Request for Proposal: Qualitative Study for the MasterCoach for Teachers (MCT) program


Quest Alliance is a not-for-profit trust that equips young people with 21st century skills by enabling self-learning. Across the school-to-work continuum, we design scalable solutions that enable educators to bridge critical gaps for quality education and skills training. We engage with educators, civil society, government institutions and corporate organizations to demonstrate and enable scalable and replicable solutions in school education and vocational training. At Quest Alliance we transform learning ecosystems through education technology, capacity building, and collaboration to build 21st-century skills for learners and facilitators 

Quest Alliance is inviting proposals from independent consultants / agencies to conduct a qualitative midline study for its in service teacher development program. Last day for the submission of the proposal is 20th July, 2024. Details of the program are provided below. 

About the Program 

MasterCoach for Teachers is an in-service teacher training program to equip them with 21st Century facilitation skills, social capital & a roadmap for their professional growth. In 2022-23, the MasterCoach for Teachers reached out to nearly 5000 secondary schools teachers across 8 states to mainstream 21st century skills based education and to transform the schools. 

The program is designed as a blended learning program where teachers participate in in-person workshops followed by self paced learning on Quest App. Teachers complete theoretical and practical assignments. During this time, they are supported by program team members who coach the teachers through this learning journey. The diagram below shows the learning journey a teacher undertakes. 

‘Key skills’ around which qualitative round evaluation will be carried out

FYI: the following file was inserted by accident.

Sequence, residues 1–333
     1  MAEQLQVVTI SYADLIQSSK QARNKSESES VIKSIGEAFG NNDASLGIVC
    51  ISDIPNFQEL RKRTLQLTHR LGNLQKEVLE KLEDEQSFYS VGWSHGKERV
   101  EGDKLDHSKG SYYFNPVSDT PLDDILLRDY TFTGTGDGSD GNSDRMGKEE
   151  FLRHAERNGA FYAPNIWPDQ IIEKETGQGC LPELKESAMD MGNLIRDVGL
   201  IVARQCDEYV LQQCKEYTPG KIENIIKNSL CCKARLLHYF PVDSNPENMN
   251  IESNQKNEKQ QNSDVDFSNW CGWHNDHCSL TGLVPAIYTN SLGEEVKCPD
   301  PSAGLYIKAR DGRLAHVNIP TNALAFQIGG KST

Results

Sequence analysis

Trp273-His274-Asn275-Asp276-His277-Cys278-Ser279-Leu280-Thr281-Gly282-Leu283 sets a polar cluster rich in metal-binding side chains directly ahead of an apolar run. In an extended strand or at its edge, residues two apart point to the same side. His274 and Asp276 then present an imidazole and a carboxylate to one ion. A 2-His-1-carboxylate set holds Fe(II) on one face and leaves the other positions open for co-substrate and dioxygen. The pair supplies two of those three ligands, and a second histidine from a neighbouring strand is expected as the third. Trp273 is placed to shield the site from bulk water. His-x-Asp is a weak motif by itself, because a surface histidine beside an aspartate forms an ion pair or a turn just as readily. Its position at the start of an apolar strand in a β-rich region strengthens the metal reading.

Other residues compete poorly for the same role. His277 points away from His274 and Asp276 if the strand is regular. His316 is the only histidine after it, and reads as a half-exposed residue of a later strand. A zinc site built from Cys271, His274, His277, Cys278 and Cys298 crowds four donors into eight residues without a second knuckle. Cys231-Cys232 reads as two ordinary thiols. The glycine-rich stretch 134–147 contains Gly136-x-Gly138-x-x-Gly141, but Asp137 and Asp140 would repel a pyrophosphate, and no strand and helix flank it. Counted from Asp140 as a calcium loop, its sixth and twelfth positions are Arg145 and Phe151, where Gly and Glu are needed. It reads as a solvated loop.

The necessity to prepare young people for full participation in a rapidly changing society has been noted by educational policy makers at an international level (Shear, Novais, Means, Gallagher, & Langworthy, 2009), leading to increased emphasis being placed on the development of higher order thinking, and ‘key skills', also known as ‘21st Century skills and competencies' (Ananiadou & Claro, 2009). There is a significant body of research that points to the need for ‘21st Century' methods of teaching and learning (Dede, 2010b; Voogt & Pelgrum, 2005; Voogt & Roblin, 2012), but mainstream institutions have been slow to change their approach (Fullan & Langworthy, 2014). Despite moves to change the curricular focus, the traditional model of schooling, with an exam-driven emphasis on content knowledge is still prevalent, and does not provide adequate preparation for the modern, knowledge-based society (Claxton, 2013; Fullan & Langworthy, 2014). 

A number of reasons have been cited for the lack of uptake of these new pedagogies, including a lack of resources, inadequate professional development, and systemic difficulties relating to curriculum and assessment (Bray, Bauer, & Oldham, 2018; Euler & Maaß, 2011). Teachers are at the frontline of any educational reform and in order to increase the likelihood that it is enacted as intended, it is important to ensure that practitioners agree with the reasoning behind the reform as well as its implications for their students (Kärkkäinen, 2012).